This is it, folks. It’s messy. It’s not fleshed out. It’s a piece of my heart splayed on the writing table. Anyone else feel as though writing can be a dissection sometimes? No? Just me? This is a very rough draft of a magical realism story about a doll-come-to-life. She’s stranded on a semi-abandoned island where the strangest of strange things take place, and is desperate to find her creator before she turns into a real girl.
And that’s about all I’ve got figured out. This first draft is 494 words, and (oddly) written in second person POV. I’m not sure why, as I almost always write in third and I wanted to try out first, but this is how the main character, Atlas, spoke to me. So….I’m rolling with it.
Before I begin, this story was already a brain baby, but the prompt posted for WEEK TWO of Writer In Motion really just kicked off the creativity for me. So I don’t *think* it’s cheating 😀
Between the stars, the shipwreck, and the fading glow of the sunset (and my obsession with the ocean right now)…it all just sort of clicked.
For those of you unfamiliar with #WriterInMotion, you can find more details about it here.
THE INITIAL ROUGH DRAFT
Where Heaven Spills Its Easel
The first breath I take fills me with the blackest of water, and fireflies. Sunset bleeds at the edge of the world, a marigold wound slowly eaten by the stars and smoke and unforgiving chill of the ocean. Currents chew me up and spit me out, roaring in my ears, clawing at my hair, mimicking the way you once called my name.
Atlas, Atlas! Where re you hiding? Come out and play.
But I know once the sea takes me, it’d never let me go. It haunts and tricks and steals. Like a child, it plays pretend and takes on whatever shape it must to draw us to its watery tomb. It’s alive, I think. It’s a greedy creature that has no voice of its own. Lyra, Lyra, Lyra. The words are carved into the back of my throat. Even now, as I desperately search the waters for a sign of you, I can’t bring myself to say your name.
I’m terrified the sea might answer back.
I’m even more terrified that you won’t.
I cling to a shredded piece of debris, the white letters of the WIND DANCER stark in the dying light. I listen to the echo of your voice as it becomes splinters in the night, to the last remains of you escaping toward the stars as embers and ash and wind. I watch, trembling, as tentacles slither around the final mast of our ship. Our home. It cracks the way bones do, gasps for breath as water rushes in. It hovers between the sea and stars, imbued with gold and nightfall and scattered memories.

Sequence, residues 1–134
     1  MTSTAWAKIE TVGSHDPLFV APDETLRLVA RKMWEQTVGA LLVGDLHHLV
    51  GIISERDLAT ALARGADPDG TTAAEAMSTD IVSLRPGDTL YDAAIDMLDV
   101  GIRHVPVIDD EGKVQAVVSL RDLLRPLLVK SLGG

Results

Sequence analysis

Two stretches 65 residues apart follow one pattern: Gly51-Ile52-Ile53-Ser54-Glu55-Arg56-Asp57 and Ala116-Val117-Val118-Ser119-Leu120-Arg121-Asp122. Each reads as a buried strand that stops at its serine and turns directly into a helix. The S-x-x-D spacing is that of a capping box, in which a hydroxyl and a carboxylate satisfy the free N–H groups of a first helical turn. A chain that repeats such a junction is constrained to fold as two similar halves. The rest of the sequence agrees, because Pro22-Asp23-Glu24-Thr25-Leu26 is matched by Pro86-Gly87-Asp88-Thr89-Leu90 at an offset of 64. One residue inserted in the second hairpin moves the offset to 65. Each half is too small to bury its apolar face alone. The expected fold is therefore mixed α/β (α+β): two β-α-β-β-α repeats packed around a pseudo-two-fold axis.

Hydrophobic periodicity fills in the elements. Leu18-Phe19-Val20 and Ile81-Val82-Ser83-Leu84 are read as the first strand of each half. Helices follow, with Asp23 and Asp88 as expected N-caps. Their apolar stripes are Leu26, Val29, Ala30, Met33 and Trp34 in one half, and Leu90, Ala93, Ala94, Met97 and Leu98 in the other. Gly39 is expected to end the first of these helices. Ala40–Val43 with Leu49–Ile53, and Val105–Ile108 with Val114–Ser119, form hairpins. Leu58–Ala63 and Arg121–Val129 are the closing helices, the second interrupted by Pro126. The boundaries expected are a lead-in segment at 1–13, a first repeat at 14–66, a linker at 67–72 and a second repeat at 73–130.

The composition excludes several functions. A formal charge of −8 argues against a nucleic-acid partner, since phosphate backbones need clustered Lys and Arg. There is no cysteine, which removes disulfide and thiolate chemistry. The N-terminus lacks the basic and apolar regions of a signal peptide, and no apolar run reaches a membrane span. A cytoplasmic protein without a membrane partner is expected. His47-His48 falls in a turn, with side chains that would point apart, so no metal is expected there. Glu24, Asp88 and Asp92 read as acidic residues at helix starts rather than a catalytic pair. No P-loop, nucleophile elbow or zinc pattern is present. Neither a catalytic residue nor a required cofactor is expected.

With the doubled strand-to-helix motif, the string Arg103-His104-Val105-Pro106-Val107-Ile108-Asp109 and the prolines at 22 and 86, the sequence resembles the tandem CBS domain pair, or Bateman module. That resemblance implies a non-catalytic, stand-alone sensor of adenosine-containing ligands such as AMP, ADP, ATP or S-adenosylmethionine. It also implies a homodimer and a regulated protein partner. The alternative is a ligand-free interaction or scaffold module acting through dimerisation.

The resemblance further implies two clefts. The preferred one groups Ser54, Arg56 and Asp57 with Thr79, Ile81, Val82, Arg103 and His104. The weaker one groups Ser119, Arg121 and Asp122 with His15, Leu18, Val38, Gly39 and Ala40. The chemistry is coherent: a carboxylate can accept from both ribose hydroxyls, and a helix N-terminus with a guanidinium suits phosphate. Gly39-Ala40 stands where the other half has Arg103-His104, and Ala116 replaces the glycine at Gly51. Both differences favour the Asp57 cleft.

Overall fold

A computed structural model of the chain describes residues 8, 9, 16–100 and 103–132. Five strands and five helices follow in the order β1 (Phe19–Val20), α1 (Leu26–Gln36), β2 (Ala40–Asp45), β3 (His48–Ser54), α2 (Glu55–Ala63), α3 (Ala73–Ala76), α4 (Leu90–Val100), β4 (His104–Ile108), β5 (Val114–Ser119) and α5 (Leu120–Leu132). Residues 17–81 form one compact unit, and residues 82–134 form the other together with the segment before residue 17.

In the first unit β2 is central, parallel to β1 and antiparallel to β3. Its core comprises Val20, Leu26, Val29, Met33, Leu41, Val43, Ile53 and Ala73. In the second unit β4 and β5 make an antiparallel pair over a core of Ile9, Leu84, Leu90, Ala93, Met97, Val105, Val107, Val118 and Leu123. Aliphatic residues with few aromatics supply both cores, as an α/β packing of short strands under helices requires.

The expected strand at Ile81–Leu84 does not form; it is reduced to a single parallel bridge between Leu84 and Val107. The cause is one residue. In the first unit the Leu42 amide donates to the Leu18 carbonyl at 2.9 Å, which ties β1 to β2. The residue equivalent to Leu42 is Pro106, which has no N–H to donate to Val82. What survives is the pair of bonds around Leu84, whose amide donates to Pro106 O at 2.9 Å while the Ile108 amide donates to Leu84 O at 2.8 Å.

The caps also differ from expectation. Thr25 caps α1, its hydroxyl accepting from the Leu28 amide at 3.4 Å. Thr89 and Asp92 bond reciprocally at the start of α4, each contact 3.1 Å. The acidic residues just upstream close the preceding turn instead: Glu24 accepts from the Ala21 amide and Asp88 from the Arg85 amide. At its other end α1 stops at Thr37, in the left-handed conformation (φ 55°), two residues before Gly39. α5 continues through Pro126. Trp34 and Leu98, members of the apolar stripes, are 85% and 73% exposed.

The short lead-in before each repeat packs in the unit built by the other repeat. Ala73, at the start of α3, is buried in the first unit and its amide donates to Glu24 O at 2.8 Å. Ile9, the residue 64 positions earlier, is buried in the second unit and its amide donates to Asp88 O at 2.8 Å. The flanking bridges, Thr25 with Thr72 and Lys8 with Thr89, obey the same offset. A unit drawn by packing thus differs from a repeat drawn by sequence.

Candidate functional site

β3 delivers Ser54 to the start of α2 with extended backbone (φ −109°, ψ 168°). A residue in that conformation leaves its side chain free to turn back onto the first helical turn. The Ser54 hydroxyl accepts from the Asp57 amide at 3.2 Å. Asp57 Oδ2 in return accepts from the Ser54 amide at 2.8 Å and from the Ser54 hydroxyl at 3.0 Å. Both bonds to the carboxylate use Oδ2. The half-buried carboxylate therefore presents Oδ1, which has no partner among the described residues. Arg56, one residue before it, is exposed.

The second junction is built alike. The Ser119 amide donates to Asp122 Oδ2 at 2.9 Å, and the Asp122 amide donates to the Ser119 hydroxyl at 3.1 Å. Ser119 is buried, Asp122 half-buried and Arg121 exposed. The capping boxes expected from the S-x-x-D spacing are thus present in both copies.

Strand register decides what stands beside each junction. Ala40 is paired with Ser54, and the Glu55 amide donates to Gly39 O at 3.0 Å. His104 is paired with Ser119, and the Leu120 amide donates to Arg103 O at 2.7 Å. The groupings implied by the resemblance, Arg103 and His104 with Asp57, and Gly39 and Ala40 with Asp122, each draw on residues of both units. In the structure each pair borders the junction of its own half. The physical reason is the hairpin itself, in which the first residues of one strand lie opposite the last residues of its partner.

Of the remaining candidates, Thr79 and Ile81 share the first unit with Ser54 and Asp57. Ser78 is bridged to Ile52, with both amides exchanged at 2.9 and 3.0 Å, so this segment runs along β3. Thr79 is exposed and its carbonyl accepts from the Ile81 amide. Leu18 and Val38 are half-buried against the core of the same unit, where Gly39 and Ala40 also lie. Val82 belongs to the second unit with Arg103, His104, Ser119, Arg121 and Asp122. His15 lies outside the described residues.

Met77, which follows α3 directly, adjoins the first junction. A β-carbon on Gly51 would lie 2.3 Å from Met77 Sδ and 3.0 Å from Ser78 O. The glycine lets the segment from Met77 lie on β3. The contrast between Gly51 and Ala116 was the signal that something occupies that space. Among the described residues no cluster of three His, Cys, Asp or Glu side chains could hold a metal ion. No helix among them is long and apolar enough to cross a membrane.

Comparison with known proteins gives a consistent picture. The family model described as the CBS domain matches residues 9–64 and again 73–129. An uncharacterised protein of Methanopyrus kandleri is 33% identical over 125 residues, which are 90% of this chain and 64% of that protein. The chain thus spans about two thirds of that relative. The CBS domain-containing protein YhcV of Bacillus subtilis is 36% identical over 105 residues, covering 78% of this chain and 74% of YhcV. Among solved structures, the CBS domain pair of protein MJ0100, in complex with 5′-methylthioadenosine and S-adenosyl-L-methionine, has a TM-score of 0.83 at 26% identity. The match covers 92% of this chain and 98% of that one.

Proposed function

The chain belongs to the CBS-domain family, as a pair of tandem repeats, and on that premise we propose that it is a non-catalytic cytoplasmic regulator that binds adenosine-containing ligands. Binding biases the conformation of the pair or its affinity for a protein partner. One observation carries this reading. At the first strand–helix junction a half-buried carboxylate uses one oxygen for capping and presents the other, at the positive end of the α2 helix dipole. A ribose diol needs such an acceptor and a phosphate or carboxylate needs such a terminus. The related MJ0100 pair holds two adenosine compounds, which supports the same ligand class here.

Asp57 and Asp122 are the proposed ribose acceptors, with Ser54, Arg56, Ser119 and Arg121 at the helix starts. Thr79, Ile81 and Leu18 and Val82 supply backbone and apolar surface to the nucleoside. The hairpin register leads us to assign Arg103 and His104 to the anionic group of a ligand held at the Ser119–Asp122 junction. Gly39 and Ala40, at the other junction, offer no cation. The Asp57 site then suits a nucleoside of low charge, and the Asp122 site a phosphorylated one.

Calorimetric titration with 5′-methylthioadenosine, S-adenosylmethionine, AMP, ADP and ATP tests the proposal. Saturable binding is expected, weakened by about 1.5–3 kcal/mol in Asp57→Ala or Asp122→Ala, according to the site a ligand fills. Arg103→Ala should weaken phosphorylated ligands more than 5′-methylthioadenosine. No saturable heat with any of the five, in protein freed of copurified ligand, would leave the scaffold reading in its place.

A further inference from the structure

All dying things cry out in vain, the puppeteer had told us. They shine brightest at the door of death. It was before we sailed for Vallumoira. Before the letters came and went like paper birds in the summer. Before I learned to breathe and paint and sing. It was before you cut my strings with clumsy, nervous fingers, and carved peonies into the wood of my body. A promise, you called it. A kind of magic that could only exist between maker and doll.
A cry breaks my lips as the mast snaps, and the powder blue sail is swallowed by swelling waves and turquoise tendrils. It’s a strange and strangled sound that leaves me, a blind and bleary exhale that takes the strength out of my fingers. I slip from the debris as beady red eyes flash out of the blackness with triumph. The sea stirs, churning like the hands of a clock, humming an unnatural lullaby of sea foam and the final chords of daylight.
Atlas, Atlas! Come and play.
At the world’s edge, color bleeds from Aether to Oceana. The brightest reds and golds and yellows of heaven spill into the blackest waters I breathe. I thrash and cry out; I sink below the sky’s reflection staining my existence. But I cannot tell who is dying; Is it me?
Is it you?